Many users need empowerment more than they need instruction. They may know what needs to be done, but they’re reluctant to do it in a new way because they don’t want to mess anything up. Assuage their fears by letting them know that there are data validation and security features in place to help prevent them from making too big a mess. They don’t need to know how the system works, and going into too much detail is likely to make them glaze over and get frustrated. Just keep things focused on how they can get their tasks done, help them identify any changes they need to make in their workflows, and inform them about the guardrails in place that will help minimize downstream data pollution. Some users may need to build their confidence over several such sessions. That’s more work, but taking the time to help them do this will mold them into power users. You’ll also find these people to be solid advocates for you and your department as a whole, not just for the systems you implement and manage.


Have a Data Expert Function

Creating these empowerment opportunities implies that there’s someone the users know to contact when they’re having issues or concerns: the data steward. The data steward also serves as the expert on how data should be structured for maximally efficient system use and is the lead on clean-up projects. Not every organization has an official, designated data steward, and there may be numerous reasons for that decision. I’m not necessarily advocating for the creation of a salaried position, although I’d say go for it if you can swing it. You can also go the hybrid route and engage one or more people to take on the role in addition to their current duties. There’s a lot of flexibility in how an organization can fulfill this particular need. The most important thing is that a user support structure should be in place and the data expert function should be served somehow.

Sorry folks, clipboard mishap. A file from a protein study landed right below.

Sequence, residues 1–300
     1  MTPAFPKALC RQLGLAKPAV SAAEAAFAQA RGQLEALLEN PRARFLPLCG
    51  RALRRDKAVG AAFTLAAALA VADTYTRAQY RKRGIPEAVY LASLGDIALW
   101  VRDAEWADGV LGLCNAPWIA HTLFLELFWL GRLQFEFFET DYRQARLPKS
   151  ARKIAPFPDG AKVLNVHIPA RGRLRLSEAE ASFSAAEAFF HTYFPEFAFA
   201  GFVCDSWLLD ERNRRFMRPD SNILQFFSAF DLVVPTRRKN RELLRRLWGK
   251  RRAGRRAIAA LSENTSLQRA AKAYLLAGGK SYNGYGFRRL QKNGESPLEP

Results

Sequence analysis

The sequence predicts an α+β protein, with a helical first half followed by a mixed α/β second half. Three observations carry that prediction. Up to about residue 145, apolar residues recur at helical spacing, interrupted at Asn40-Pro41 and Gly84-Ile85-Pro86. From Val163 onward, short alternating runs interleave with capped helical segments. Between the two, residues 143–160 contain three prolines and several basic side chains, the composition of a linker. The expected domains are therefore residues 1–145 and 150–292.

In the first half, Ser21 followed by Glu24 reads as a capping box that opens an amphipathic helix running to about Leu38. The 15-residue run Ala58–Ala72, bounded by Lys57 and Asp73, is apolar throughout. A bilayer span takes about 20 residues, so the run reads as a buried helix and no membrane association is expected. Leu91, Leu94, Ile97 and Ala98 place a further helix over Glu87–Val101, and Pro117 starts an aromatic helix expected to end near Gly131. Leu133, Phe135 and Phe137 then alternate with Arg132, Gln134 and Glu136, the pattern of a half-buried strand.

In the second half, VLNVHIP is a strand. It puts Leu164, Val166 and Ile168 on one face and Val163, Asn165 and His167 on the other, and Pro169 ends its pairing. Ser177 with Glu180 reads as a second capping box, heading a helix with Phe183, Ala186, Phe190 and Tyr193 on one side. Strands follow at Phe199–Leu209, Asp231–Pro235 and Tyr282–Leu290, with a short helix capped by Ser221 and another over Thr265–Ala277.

Not only does a data steward provide users with a clearly identified point of contact, but it also takes a load off of the technology team. Having a designated data expert function in place streamlines the clean-up of existing data and the establishment of regular procedures to keep data clean for everyone across the organization. Few things gum up the works and cause slowdowns across an organization like polluted data. And once the initial clean-up is completed, it takes ongoing effort to maintain data integrity and quickly respond to correction needs as they arise. Without some sort of data expert function in place, the whole team has to take up the mantle and work it into their daily duties. The resulting disorganization is confusing and frustrating for the users, and it makes effective management nearly impossible.

So do your organization a huge favor and begin finding ways to democratize data ownership. Designate some form of data expert function to implement and maintain your overall data integrity plan. Do your data experts a favor and give them a red Swingline stapler and let them listen to the radio at a reasonable volume. And if you don’t get that reference, do yourself another favor and check out Office Space.